Hola, amigos, it’s been a long time since I rapped at you, but I’ve been busy. I’ve been staring at calendars and juggling time in my head. I sort of had to gaze in horror at my spring semester schedule, and had to spend some time working on my other classes. Here’s what my weekly calendar looks like:
One thing is very nice: I’ve arranged to have Fridays wide open. That does not imply that I’ll spend every Friday in my PJs sipping Scotch — that’s when I’ll be catching up on grading and composing lectures for the coming week. But hey, it also means if anyone wants to invite me out to speak somewhere, I’ve got a 3-day weekend every week.
Other days are mostly gutted by my genetics and genetics lab courses, which will take up the bulk of my time. Those lectures are mostly already planned out and done, as I’ve taught this course every year for almost two decades now. There’s still a lot of work required there, and I have to keep that in mind when budgeting time for this course, Ecological Developmental Biology. Right away, you might spot the fresh horror involved in that class: it’s a 100 minute lecture course, twice a week, at 8am. Ack. I’ve got to be ready to go first thing those mornings, and I have to have a larger than normal block of material. Double ack: students have to be awake and alert.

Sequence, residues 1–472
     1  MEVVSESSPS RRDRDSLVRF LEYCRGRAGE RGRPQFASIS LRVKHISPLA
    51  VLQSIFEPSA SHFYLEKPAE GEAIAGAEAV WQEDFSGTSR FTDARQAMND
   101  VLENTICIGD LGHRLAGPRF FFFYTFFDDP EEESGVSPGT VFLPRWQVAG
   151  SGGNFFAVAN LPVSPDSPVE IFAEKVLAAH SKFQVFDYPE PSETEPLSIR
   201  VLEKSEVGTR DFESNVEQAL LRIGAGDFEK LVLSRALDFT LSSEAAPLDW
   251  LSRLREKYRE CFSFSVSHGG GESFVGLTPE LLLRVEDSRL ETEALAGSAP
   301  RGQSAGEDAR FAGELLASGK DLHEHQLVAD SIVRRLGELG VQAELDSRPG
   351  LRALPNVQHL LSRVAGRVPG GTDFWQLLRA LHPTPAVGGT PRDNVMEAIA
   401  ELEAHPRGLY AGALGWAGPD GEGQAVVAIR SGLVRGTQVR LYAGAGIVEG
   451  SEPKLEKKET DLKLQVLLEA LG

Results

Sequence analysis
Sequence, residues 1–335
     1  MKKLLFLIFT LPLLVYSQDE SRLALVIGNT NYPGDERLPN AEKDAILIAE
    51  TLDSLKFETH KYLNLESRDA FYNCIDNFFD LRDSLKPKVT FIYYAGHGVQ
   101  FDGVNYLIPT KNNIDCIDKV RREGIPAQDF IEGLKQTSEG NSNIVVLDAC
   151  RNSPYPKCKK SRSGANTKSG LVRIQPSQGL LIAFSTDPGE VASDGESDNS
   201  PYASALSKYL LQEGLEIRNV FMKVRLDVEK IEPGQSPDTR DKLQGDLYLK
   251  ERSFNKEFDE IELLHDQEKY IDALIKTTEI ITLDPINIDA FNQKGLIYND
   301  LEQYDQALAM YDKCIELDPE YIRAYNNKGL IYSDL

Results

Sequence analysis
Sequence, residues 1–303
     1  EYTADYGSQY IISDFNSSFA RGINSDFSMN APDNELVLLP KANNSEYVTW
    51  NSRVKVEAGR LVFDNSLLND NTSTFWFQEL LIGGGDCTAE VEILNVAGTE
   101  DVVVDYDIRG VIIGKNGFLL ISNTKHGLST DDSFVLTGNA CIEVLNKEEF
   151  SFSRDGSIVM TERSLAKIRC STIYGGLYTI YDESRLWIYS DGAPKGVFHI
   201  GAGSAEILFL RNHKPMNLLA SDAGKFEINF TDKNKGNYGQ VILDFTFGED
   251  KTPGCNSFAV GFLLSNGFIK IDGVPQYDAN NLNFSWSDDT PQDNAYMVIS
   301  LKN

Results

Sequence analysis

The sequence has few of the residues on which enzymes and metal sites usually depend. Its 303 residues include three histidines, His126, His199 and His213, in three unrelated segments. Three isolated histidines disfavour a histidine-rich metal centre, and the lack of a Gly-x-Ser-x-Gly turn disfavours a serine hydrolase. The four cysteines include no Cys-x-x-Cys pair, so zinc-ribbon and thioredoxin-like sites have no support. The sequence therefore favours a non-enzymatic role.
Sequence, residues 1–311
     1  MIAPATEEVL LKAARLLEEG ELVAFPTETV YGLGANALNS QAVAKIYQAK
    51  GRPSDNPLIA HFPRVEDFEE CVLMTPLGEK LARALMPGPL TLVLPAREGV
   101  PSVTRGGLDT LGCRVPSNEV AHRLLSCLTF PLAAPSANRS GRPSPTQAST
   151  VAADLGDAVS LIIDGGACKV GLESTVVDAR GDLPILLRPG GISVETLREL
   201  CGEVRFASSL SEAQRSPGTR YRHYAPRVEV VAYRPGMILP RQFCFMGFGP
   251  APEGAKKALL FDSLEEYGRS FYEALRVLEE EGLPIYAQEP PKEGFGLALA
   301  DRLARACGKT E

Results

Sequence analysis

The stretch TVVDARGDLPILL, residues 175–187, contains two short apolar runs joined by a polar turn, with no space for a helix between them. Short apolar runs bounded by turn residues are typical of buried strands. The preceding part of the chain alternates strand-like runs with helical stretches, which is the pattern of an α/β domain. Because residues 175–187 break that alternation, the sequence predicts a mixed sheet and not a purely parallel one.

So right away, I’ve decided that that’s too much for early morning attention spans. Each class is going to be broken in two, with a break in between. I’m going to bring in my tea kettle to class, and it’ll be enough time that if they want to run over to the next building and grab coffee, that’s going to be fine. Let’s be civilized about all this.
I’m also going to mix up my teaching style. I plan to give a lecture-style general overview of a topic from the textbook in the first half, recess briefly for coffee and tea, and then meet again for a more detailed, interactive discussion, using a paper from the primary literature as a nucleus for the conversation. That also sounds pleasant and civilized. There will be some exceptions to that, though.
This is the only course in developmental biology these students will have taken, so I feel some obligation to bring them up with the basics of the field. The first two weeks will be a crash course in development, hitting some key processes that they ought to understand before we dive deeper. So on my calendar I’ve blocked out the first two weeks to include short lectures in the history and philosophy of development, polarity, gastrulation, limb development, and craniofacial development. Again, brief overviews of those topics suited to early morning undergraduates, with time for discussion and interaction. Fortunately, Scott Gilbert’s Developmental Biology text is available for free on NCBI, so I can assign supplemental readings from that.
What about assessment? First day I’m going to give them 3 assignments.
Read Lewontin’s The Triple Helix. This is the philosophical backbone of the course, and we’ll be discussing it in class in the third week. This discussion will be driven by questions I will ask (I’m not giving answers), and I will put individuals on the spot to answer them. This will be a preview of the oral exam they’ll be taking at the midterm.